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Yet the theater is one of the few vestiges of what was once a large Jewish community in Romania, and one of the few professional Yiddish-language theaters left in Europe. Housed in the magnificently preserved Great Synagogue (1850) in the city's historically Jewish neighborhood, this museum traces the history of Romania's Jewish population. Ruined 40 years later by the Iron Guard, a nationalistic Fascist organization of the time, it was restored in 1951 with the support of Romania's Jewish community.
Bucharest is home to one of the oldest and most important Jewish communities in Romania. Around the beginning of the 17th century, during the Cossack uprising, the first Ashkenazi Jews came from Ukraine and Poland. The displays include a collection of books written, published, illustrated or translated by Romanian Jews; a small collection of paintings of and by Romanian Jews (many of the same artists' works hang in the National Museum of Art) and memorabilia from Jewish theaters, including the State Jewish Theater. Tache Ionescu 9 In a busy side street heading toward Piata Amzei from Magheru Bulevard stands the only other active synagogue in the city. Cluj has three Jewish cemeteries, located on Badescu, Turzii, and Somului strets. Tipografiei 25 Telephone: (264) 596.600 Only one of the two remaining synagogues is still in use in this little Moldovan town where Jews from Poland settled in the 17th century.
By 1832, ten holy houses had been established, their number increasing significantly before the end of the century. Today, the small remaining community is served by the only standing synagogue, the Great Synagogue, built in the 19th century on the site of the town's first synagogue from 1792. The newer one, with tombs dating from the 19th century, is located at the end of Brosteni Street, not far from the town center.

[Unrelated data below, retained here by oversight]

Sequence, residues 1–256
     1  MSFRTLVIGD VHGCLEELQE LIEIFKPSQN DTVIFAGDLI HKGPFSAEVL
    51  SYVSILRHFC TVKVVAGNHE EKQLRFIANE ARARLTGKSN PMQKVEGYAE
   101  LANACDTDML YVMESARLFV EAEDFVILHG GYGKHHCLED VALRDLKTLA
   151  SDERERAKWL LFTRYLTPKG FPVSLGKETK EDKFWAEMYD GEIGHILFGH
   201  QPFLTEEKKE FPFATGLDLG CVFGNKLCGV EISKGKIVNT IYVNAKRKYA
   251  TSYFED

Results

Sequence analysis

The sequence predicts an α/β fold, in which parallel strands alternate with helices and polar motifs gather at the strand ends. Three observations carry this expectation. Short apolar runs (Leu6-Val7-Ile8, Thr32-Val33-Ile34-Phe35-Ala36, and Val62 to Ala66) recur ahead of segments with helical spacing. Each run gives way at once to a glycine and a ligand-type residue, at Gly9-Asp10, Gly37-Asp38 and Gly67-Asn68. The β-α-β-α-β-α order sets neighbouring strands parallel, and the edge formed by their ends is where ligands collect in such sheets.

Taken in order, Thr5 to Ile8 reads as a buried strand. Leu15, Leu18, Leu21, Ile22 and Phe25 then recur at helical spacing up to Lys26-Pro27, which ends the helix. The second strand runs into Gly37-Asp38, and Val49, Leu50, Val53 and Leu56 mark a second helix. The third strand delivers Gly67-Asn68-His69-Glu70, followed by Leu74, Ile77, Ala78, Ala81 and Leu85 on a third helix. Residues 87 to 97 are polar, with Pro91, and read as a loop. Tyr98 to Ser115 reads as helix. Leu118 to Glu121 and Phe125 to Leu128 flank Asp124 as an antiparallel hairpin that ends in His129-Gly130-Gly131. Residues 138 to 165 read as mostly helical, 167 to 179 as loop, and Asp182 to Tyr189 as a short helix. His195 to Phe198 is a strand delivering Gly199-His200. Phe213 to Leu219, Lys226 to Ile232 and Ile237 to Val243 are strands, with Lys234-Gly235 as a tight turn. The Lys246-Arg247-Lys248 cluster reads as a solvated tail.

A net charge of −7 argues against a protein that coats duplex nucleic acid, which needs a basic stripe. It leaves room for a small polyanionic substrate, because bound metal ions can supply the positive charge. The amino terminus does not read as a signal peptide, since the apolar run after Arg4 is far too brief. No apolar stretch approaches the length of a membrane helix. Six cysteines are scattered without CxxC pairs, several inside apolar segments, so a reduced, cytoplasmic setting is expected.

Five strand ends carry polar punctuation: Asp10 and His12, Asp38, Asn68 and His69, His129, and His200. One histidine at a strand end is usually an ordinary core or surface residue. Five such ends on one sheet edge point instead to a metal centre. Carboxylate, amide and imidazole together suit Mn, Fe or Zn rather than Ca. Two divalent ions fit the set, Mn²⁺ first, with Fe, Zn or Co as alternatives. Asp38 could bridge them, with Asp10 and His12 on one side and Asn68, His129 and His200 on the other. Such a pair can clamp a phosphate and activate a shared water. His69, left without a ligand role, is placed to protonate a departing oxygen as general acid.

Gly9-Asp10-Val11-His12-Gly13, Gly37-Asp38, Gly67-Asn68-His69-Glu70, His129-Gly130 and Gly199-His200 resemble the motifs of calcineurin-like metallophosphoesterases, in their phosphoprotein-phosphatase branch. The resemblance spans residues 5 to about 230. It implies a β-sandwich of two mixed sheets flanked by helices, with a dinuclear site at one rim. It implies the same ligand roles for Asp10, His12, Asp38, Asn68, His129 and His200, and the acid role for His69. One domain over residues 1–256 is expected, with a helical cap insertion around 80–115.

Almost every one had its own Rabbi and cult performers. The older cemetery, established in the 18th century and closed down during the 19th century, is located on nearby Victoriei Street. Barbulescu 5 Telephone: (230) 540.090 For more information please visit: the 19th century, Iasi was one of the great Eastern European centers of Jewish learning, famous for its scholarly rabbis, intellectuals and skilled craftsmen, as well as for its Jewish schools, hospitals, publications and various organizations.
During the 15th and 16th centuries, Polish Jewish merchants set up storehouses, trading posts, and eventually, permanent settlements.
During the region's domination by the Turks, the Romanian Jewish Community evolved into a prosperous middle class.
Fewer than 300 Jews remain today in the city, served by a retirement home, a youth club and a kosher canteen. The largest is the Neolog Neolog Synagogue Address: Str. The Jewish Community of Brasov was officially founded 19 years later, followed by the first Jewish school in 1864 and the building of the Synagogue (address: Str. The Jewish population of Brasov expanded rapidly to 1,280 people in 1910 and 4,000 in 1940.A monument to the victims of the 1941 pogrom stands outside the Great Synagogue. Sinagogilor 7 The Great Synagogue of Iasi, currently undergoing renovations, is the oldest surviving Jewish prayer house in Romania and the second oldest synagogue in Europe.